Shadowghast – Thomas Taylor

Standard

Walker Books Australia

September 2021

ISBN: 9781406386301
Imprint: Walker
Australian RRP: $17.99
New Zealand RRP: $19.99

It’s back to Eerie-on-Sea for another cracking and creepy mystery. In this new adventure a seriously spooky magician arrives in town, accompanied by henchmen, and purports to be Herbie’s long-lost aunt. She seems to enthrall the boy but his friend and ally, Violet, is far from convinced of the Caliastra’s sincerity or truthfulness. As Halloween approaches and the time for the annual Ghastly Night event, strange things begin to happen.

People are either going missing altogether or somehow becoming changed – and not for the better. Poor Herbie yearns to have a real family and home and he truly wants to believe that Caliastra is both his aunt and that her intentions are wholesome but as the mystery deepens, it seems more and more unlikely.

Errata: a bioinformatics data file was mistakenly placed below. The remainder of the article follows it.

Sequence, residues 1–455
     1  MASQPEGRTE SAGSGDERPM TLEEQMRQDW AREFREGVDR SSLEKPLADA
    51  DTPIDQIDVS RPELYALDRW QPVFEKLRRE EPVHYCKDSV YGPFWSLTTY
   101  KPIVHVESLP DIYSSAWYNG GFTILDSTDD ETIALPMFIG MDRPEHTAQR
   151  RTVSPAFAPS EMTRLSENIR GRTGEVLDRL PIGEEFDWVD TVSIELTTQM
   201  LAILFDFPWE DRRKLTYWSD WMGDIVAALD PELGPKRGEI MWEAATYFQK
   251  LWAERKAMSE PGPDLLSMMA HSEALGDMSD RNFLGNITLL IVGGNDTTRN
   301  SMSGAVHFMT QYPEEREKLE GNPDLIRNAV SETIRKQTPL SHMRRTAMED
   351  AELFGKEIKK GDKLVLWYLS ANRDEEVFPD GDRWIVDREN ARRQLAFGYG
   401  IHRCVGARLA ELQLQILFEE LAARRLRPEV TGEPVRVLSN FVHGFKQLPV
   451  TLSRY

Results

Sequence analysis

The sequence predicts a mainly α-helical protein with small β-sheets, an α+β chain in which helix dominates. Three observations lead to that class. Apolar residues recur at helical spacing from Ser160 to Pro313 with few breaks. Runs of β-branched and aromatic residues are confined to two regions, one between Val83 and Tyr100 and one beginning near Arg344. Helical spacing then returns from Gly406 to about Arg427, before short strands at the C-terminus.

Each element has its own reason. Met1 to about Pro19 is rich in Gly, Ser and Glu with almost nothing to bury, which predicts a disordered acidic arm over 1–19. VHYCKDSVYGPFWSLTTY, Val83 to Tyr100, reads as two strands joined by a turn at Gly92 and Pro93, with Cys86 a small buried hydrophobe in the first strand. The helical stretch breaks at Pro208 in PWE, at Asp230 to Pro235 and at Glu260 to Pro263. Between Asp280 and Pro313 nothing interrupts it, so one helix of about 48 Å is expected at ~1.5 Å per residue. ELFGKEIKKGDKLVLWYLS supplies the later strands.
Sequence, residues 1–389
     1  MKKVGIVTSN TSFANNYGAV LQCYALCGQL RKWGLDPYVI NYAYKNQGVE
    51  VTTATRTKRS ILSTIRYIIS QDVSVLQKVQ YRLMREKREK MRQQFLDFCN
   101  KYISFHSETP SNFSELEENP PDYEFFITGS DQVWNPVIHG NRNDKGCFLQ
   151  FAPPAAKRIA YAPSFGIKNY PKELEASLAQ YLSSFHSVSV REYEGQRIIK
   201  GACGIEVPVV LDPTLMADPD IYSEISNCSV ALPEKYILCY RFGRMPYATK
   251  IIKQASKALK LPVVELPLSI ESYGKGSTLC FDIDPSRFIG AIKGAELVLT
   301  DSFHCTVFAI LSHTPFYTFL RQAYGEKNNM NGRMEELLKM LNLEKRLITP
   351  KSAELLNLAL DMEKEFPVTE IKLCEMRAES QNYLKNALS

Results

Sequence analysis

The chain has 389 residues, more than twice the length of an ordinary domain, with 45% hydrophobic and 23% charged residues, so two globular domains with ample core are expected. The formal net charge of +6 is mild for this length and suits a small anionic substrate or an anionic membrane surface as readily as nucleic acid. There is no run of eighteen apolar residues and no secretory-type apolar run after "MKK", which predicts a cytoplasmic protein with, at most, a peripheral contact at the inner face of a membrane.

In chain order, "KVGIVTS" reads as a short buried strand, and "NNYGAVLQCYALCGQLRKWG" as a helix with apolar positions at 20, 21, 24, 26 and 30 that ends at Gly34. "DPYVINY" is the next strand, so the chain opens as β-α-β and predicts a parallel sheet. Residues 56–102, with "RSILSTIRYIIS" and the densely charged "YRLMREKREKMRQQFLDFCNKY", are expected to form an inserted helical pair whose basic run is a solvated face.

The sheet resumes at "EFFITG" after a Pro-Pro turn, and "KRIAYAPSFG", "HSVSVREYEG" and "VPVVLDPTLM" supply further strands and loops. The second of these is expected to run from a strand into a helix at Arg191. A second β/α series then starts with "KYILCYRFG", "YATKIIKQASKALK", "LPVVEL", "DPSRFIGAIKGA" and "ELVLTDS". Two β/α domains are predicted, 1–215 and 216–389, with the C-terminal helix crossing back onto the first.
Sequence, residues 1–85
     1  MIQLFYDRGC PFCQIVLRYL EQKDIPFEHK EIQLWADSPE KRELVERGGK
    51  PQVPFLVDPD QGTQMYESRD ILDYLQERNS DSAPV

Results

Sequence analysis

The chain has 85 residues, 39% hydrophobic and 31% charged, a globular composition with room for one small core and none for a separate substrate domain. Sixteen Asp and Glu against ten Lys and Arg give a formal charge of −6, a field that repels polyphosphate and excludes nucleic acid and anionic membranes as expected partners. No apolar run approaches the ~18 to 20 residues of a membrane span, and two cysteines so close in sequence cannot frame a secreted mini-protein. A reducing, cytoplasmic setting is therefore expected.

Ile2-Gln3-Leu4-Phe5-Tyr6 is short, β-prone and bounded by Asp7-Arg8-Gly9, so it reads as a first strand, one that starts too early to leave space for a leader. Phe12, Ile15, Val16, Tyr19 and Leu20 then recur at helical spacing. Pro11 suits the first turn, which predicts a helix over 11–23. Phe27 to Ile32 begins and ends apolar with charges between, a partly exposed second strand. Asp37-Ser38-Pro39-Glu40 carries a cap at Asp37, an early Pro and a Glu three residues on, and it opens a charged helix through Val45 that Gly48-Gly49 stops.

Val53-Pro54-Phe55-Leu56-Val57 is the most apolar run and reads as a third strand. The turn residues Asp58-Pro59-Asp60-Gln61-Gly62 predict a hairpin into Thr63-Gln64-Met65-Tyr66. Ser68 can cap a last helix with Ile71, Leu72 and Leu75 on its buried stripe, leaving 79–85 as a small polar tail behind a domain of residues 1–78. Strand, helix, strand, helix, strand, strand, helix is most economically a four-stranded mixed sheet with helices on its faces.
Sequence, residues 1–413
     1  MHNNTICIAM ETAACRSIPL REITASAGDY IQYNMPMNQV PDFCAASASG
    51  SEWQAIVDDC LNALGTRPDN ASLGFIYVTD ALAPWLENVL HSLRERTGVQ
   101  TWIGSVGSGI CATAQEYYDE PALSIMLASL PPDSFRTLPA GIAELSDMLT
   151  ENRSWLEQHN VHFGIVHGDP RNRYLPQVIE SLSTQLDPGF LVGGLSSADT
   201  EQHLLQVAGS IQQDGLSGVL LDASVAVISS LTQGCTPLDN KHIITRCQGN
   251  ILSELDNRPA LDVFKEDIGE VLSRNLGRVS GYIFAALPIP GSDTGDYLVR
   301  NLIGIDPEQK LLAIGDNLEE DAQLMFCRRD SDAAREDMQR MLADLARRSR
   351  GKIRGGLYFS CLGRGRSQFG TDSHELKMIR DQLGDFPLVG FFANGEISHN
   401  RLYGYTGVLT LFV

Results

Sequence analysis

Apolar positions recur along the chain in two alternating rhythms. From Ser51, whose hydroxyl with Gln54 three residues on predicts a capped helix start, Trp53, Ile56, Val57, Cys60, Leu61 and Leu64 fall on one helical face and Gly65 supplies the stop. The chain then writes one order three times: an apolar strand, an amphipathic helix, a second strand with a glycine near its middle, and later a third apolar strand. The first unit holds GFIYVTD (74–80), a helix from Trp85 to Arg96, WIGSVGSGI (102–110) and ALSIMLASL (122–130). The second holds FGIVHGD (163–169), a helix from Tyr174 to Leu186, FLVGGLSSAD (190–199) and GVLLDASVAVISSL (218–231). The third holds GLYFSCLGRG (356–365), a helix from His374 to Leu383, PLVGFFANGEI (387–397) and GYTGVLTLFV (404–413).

Can a famous illusionist actually do real magic? Because once she demonstrates the power of the Shadowghast lantern, it would seem that the light it throws is indeed true sorcery. Perhaps the story of the Shadowghast is more than just legend and it’s up to Herbie and Violet to unravel the truth.

This series is so much fun and while, in our library, it has been a little slow to take off, it is definitely gaining momentum – and deservedly so. It is deliciously and thrillingly spooky, has exactly the right blend of mystery and humour, some wonderful themes of loyalty, friendship, family and courage and, for those of my ilk, fabulous frivolity and wordplay. One only has to encounter the two protagonists in the first book – Herbert Lemon and Violet Parma – to know that punnish fun is in store throughout! (fish and chips sold by Mr Seegol! hahahaha!)

This mix echoes the best of Lemony Snicket but is far superior in my opinion and Taylor’s skill in creating both his imaginary setting and engaging our suspension of disbelief is admirable.

If your kiddos haven’t got onto this series yet, I strongly recommend you adding it to your collection and book-talking it. Some read-aloud excerpts would certainly find their mark with any audience from around Year 4 upwards.

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